A man playing a guitar and singing to a close crowd of a dozen or so men and women

Navigating AFC Collections Geographically: Southwest

Posted by: Stephanie Hall

The following is a guest post by American Folklife Center Reference Librarian Alda Allina Migoni. Staff at the American Folklife Center continue to use new digital tools to support remote discovery and access for our resources by users of all kinds. Whether you are a community scholar, a teacher, an academic researcher, a creative artist, …

A man playing a guitar and singing to a close crowd of a dozen or so men and women

Navigating AFC Collections Geographically: Great Plains

Posted by: Stephanie Hall

The following is a guest post by American Folklife Center head of reference, Judith Gray. Staff at the American Folklife Center continue to use new digital tools to support remote discovery and access for our resources by users of all kinds. Whether you are a community scholar, a teacher, an academic researcher, a creative artist, …

Photo of a coastline and the sea.

Navigating AFC Collections Geographically: Pacific Region States

Posted by: Stephanie Hall

Staff at the American Folklife Center continue to use new digital tools to support remote discovery and access for our resources by users of all kinds. Whether you are a community scholar, a teacher, an academic researcher, a creative artist, or a curious consumer of local culture we hope that our geographically-oriented research guides offer …

A man playing a guitar and singing to a close crowd of a dozen or so men and women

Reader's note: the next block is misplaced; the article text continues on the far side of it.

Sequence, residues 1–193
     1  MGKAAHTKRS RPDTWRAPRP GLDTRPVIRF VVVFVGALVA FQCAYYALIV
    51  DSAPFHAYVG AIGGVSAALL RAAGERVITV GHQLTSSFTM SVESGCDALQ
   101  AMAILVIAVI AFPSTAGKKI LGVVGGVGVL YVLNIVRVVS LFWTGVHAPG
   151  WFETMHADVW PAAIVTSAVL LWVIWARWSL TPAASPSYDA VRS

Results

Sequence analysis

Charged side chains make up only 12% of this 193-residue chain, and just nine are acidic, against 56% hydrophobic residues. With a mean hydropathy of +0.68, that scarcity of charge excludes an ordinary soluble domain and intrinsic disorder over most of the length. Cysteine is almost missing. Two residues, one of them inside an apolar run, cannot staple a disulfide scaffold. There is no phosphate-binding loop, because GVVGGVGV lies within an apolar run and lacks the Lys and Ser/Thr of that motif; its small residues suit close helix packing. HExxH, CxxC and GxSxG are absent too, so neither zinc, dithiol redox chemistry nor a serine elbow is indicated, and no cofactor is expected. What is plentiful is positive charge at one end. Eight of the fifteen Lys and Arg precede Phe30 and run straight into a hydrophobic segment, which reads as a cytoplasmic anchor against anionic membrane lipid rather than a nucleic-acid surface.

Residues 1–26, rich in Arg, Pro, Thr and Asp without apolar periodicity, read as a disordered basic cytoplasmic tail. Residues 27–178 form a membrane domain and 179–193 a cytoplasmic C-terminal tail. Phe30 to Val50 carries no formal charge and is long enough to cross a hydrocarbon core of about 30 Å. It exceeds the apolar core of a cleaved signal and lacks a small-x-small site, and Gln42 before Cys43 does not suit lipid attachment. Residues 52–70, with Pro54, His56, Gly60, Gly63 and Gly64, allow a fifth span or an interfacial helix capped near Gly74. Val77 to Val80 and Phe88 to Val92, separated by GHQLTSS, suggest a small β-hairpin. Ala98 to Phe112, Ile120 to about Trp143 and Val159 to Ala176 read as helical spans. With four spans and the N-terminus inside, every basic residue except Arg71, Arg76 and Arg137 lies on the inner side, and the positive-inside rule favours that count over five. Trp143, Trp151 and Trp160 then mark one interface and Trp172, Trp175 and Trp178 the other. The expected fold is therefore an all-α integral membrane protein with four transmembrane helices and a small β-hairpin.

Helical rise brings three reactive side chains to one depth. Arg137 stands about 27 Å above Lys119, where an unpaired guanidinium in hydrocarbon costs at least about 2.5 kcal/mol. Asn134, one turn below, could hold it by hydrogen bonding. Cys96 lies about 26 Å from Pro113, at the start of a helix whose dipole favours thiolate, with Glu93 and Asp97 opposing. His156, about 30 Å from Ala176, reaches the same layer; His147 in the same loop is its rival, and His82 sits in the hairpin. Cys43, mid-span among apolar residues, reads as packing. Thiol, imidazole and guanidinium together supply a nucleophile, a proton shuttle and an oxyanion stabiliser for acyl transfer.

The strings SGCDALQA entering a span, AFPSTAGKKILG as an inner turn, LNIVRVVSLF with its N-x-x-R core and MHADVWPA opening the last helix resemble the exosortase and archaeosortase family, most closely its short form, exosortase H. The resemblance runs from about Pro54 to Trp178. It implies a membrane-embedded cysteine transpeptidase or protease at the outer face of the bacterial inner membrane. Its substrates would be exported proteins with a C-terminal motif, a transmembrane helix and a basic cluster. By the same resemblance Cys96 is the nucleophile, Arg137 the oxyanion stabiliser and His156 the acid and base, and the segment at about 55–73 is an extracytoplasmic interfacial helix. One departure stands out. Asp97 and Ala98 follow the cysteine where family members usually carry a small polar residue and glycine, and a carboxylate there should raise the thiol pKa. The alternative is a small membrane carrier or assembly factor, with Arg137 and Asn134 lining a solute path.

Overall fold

Summer Festivals and Celebrations

Posted by: Stephanie Hall

Summer solstice was traditionally a time of revelry as the end of planting and the beginning of summer were celebrated. As the summer crops ripen, the fruit of the labor of planting is celebrated in various ways, especially the harvest of staple crops. The grain and hay harvests in late July and early August is …

A man playing a guitar and singing to a close crowd of a dozen or so men and women

The Power of Words, the Power of Belonging: What the Navajo Code Talkers Taught Me

Posted by: Megan Harris

The following is a guest post by Nathan Cross, VHP Archivist and primary author of VHP’s Navajo Code Talkers LibGuide. The Veterans History Project (VHP) is pleased to announce a new resource designed to introduce VHP’s holdings related to the veterans known as Navajo Code Talkers. These veterans, Native Americans who served in the Pacific …

A man playing a guitar and singing to a close crowd of a dozen or so men and women

VHP’s Newest Online Exhibit: Legacies of Service: Celebrating Native Veterans

Posted by: Megan Harris

Today the Veterans History Project (VHP) launches a new online exhibit, part of our Experiencing War web feature series. Entitled “Legacies of Service: Celebrating Native Veterans,” the exhibit explores the lives and service experiences of 18 Native veterans who served in conflicts from World War II to Iraq and Afghanistan. Given the treatment of their …